Cold snap doubles electricity rates

Bookmark and Share

As Norwegians braved the latest week of an unusual deep freeze, concerns rose over not only skyrocketing electricity rates but whether power supplies would be adequate. Meanwhile came word the cold snap may actually be healthy.

An ongoing cold snap is driving up energy demand and sending electricity rates skyrocketing. This photo was taken in Nordmarka, just north of downtown Oslo. PHOTO: Morten Møst

Authorities reported that reservoirs used to supply Norway’s hydro-electric power haven’t been as empty as they are now for 20 years. That sent spot prices for power up to 61 øre per kilowatt hour this week in eastern Norway (Østlandet), up from 28 øre at this time last year. Prices in central Norway, which has been hit the hardest by dwindling reservoir levels, hit 66 øre, compared to 29 øre last year, according to marketmakers NordPool.

The Norwegian Water Resources and Energy Directorate (NVE) reported average reservoir capacity levels of 57.6 percent last week. “In clear text that means that water levels in 2010 are the poorest for 20 years,” Arne Søiland of NVE told newspaper Aftenposten.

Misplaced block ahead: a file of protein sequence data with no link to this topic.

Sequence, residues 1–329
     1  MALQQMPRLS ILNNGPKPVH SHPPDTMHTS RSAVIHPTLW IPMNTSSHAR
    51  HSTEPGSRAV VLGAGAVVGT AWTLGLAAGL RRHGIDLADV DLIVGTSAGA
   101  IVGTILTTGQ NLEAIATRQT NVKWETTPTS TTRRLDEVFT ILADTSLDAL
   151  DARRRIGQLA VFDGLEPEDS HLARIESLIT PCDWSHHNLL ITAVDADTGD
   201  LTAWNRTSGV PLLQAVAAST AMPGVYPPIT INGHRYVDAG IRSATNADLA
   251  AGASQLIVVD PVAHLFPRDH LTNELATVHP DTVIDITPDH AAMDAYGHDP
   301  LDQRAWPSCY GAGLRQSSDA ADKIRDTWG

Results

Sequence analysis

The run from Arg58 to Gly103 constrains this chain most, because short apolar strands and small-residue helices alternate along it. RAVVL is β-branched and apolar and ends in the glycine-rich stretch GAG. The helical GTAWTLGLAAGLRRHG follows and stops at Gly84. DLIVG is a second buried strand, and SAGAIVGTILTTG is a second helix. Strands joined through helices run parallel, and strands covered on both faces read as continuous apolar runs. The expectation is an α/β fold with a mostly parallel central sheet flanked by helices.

With temperatures diving to as low as minus-26C in some areas of metropolitan Oslo, consumption remains high as is the case elsewhere in the country. Electricity bills on average are expected to be NOK 7,000 (about USD 1,200) higher for the months of December, January, February and March according to calculations by magazine Dine Penger (Your Money).

In central Norway, power supplies were becoming so precarious and expensive that state power authority Statkraft was putting mobile gas power plants on standby. Electricity rates were expected to continue to increase in the next several weeks, as weather forecasts called for more bitterly cold weather.

Health care officials reported this week, however, that they’re not seeing any increase in illness rates and claimed the cold weather can be healthy.

“We actually have less demand right now than normal,” Dr Christian Groth of the Bjørnsletta medical center in Oslo told Aftenposten. “We usually have a lot of patients at the time of year, but it appears the stable cold weather is better than the swings we often have. Folks get used to the cold, dress well and keep themselves healthy.”

Public appeals for constant hand-washing during last year’s swine flu epidemic also has had lasting effects. One nurse in Røros, known for extreme cold most winters, noted that when the thermometers plummet, more people also stay indoors.

“When it gets really cold, demand actually goes down,” Jorunn Melkild told Aftenposten. “It can also be because fewer people go outdoors.”

Views and News from Norway/Nina Berglund
Join our Forum if you’d like to comment on this story.